A foreclosure is the legal process whereby a lender can cut off the ownership of a homeowner in default and sell the property to pay off the lender’s loan. The foreclosure process is governed by Statute and Court Rules. The foreclosure action begins with the filing of a complaint by the lender to cut off the ownership rights of the homeowner. The homeowner can file an answer to the complaint objecting to the foreclosure action. In the event no answer is filed by the homeowner, a lender can obtain a default judgement and eventually proceed to sell the property through the county sheriff. Notice of the sheriff’s sale is published in a newspaper advertising the public auction of the property to the highest bidder. The law allows the homeowner two adjournments of the sheriff’s sale. The lender may adjourn the sheriff’s sale more than two times.
In the event the property is auctioned at a sheriff’s sale, it will be sold to the highest bidder or sold to the lender. Upon the completion of the sheriff’s sale, the homeowner will have ten days in which to redeem the property and retain ownership. Redemption involves paying the full amount that is owed. If the property is not redeemed within the statutory time period, the sheriff will issue a Deed to the successful bidder. Once the Deed is issued, the homeowner’s right to the property ends.
The recent foreclosure crisis has been met with a variety of programs and tactics to help property owners facing foreclosure. One program to help resolve a mortgage delinquency involves a mediation between the lender, the homeowner, and a Court appointed mediator. Mediation is not binding on either party but may be useful in working out a settlement. Mediation is not available for investors or commercial property.
You may have recently heard reports in the news about a tactic some homeowners are using in foreclosure actions. The tactic involves making a demand to the lender to "Produce the Note." Court rules required the lender to prove that they have a mortgage on the property and that the homeowner has violated the terms of the mortgage and note. Years ago this was a fairly simple task because the lender who loaned the money also owned the loan for the full term and therefore retained all the paperwork. In recent years however, lenders have engaged in the practice of selling the loans after closing. This practice became even more complicated during the height of the housing boom when Wall Street firms combined loans with other loans from different parts of the country and sold them to investors around the world. The selling and reselling of loans often resulted in lost paperwork thereby making it difficult for lenders to "Produce the Note." Because of the tremendous volume of foreclosures, the attorneys handling the foreclosure actions on behalf of the lender may not have all the paperwork required when they file the foreclosure action. The theory of the "Produce the Note" tactic is that if the lender cannot produce the original note, it therefore cannot prove its case and the Court could dismiss the foreclosure action or at the very least slow down the case until the note can be produced. This tactic may not work in all cases and at best may only result in a delay of the foreclosure action.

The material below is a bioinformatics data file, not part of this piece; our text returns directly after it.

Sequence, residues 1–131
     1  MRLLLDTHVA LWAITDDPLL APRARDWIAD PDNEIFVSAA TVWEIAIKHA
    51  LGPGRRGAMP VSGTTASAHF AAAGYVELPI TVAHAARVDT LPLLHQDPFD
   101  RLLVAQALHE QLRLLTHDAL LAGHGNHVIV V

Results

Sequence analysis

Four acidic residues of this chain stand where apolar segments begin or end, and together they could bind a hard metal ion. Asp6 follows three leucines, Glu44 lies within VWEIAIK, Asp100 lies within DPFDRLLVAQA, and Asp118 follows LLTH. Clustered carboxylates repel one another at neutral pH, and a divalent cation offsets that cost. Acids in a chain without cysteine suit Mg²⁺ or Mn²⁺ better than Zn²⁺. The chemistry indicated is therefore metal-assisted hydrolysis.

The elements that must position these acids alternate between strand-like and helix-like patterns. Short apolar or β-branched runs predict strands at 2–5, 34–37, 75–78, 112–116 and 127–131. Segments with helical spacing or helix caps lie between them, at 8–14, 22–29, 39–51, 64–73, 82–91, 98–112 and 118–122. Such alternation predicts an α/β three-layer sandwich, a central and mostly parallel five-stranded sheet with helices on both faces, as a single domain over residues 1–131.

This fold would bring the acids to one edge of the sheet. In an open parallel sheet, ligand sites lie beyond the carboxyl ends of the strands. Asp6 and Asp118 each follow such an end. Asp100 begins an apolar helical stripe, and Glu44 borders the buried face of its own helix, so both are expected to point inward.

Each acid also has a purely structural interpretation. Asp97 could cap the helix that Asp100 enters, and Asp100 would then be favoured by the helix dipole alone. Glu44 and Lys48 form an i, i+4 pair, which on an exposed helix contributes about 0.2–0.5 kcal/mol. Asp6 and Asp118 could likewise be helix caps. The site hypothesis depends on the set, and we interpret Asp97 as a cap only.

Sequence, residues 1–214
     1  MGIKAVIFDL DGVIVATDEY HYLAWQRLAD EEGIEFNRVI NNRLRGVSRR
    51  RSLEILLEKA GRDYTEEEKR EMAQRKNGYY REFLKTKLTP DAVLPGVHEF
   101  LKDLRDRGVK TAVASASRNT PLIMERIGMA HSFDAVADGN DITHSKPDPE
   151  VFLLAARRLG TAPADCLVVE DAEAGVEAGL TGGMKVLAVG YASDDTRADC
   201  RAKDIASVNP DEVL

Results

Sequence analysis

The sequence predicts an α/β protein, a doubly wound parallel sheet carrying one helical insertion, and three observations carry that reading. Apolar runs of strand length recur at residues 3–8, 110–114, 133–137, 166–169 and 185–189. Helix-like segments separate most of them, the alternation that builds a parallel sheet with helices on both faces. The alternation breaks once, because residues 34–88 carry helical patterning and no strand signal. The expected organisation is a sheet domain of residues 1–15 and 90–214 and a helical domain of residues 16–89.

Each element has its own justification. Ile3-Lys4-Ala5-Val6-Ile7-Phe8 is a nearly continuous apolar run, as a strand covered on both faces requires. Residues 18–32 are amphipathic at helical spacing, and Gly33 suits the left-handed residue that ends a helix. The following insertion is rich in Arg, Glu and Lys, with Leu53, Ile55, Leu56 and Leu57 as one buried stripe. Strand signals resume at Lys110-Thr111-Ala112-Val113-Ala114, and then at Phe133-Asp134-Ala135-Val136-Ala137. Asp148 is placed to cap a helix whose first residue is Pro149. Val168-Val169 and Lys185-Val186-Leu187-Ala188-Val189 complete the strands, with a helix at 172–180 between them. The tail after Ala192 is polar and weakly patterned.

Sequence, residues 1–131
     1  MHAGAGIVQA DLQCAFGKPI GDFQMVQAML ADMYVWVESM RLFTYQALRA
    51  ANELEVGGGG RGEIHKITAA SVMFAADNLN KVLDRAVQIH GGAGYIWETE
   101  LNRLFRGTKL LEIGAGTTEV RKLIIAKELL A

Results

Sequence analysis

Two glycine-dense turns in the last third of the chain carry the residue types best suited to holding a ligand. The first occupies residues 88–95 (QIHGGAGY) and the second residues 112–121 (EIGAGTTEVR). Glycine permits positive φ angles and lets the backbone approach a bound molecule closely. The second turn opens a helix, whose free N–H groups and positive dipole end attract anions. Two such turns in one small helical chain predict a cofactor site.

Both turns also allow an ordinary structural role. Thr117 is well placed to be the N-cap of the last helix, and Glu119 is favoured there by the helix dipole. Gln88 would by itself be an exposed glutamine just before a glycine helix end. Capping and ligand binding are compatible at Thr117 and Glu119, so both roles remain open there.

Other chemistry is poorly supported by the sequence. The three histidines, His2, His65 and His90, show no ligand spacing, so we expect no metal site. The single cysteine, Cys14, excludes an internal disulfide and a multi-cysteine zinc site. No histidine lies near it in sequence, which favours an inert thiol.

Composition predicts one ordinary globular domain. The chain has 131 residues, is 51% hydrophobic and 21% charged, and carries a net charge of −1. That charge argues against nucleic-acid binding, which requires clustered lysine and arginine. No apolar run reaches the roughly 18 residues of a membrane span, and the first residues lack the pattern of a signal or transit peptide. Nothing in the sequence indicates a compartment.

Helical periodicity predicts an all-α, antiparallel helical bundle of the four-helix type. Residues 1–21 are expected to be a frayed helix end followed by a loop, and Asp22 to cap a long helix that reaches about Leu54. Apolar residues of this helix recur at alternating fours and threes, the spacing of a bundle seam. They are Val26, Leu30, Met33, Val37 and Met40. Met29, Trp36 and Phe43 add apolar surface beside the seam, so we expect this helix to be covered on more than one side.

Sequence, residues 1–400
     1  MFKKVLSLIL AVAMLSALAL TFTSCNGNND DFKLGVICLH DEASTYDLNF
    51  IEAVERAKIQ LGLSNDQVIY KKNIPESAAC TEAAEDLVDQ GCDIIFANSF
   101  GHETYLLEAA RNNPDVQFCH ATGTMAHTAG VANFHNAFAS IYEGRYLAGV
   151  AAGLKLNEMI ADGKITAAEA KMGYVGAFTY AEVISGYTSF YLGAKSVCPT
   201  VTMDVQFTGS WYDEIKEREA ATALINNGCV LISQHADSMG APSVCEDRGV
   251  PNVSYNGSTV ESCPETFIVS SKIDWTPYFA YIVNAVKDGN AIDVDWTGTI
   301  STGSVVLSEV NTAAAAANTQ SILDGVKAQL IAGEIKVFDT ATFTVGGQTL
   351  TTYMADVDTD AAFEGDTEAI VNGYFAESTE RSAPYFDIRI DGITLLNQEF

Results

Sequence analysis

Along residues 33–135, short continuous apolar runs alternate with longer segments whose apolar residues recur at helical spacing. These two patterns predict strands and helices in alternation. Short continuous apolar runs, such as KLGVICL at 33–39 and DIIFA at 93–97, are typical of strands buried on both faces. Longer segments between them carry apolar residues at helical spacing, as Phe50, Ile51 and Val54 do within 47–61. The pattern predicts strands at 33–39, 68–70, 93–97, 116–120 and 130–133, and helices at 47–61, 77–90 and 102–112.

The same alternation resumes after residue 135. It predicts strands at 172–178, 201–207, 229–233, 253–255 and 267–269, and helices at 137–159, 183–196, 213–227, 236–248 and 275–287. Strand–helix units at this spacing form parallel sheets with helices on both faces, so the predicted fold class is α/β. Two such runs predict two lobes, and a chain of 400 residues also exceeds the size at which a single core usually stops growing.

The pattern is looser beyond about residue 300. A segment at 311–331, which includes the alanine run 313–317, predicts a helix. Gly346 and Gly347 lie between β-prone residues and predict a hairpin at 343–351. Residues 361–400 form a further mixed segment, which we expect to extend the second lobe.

There are other alternatives available to a homeowner to avoid foreclosure, such as a "Deed-in-Lieu of Foreclosure" or a "Short Sale" of the property. When faced with foreclosure, a homeowner should realistically assess his financial ability to stay in the home. If a work-out of the delinquency is not realistic, a homeowner should seek the advice of a lawyer to discuss appropriate alternatives.
A "short sale" is the sale of property for less than the amount of the existing mortgages and liens on the property. A "short sale" is not based on Statute or Court precedent. It is simply an agreement made between a defaulting homeowner and the lender based on the following concepts: • Lenders are generally in the business of making loans, earning interest and other fees in connection with the loan process. Lenders do not want to be property owners. • The dramatic decrease in the value of property in general and the financial situation of the homeowner make it clear that the homeowner cannot make mortgage payments and that the property cannot be sold for a price which will pay off the lender in full.
A "short sale" generally involves a homeowner missing several mortgage payments because of financial distress and the value of the home having dropped by a large amount causing the loan on the property to be higher than the value of the home. When the value of the home is less than the mortgage, it is known as "being under water" on your loan. Based upon financial conditions the homeowner will not be able to make up the short fall on the mortgage.
Under these conditions, if the homeowner puts the house up for sale, it is likely that offers being made to purchase the home are well below the amount necessary to pay the mortgage in full and the other closing costs of the seller. In such a situation the lender may consider accepting an amount less than the full amount they are owed. If the lender accepts it, the homeowner will then be relieved of the payment of the rest of the mortgage thereby limiting the damage to the homeowner’s credit. A "short sale" is complicated and time consuming. Obtaining approval of a "short sale" becomes more difficult when second mortgages, judgements or other liens must be paid in addition to the first mortgage. Short sales of non-owner occupied homes and investment properties may have significant income tax consequences to the property owner. Homeowners considering a "short sale" should seek the advice of a qualified lawyer. Legal fees associated with a "short sale" are often worked into the costs of the closing and therefore may not be an out of pocket expense for the homeowner.
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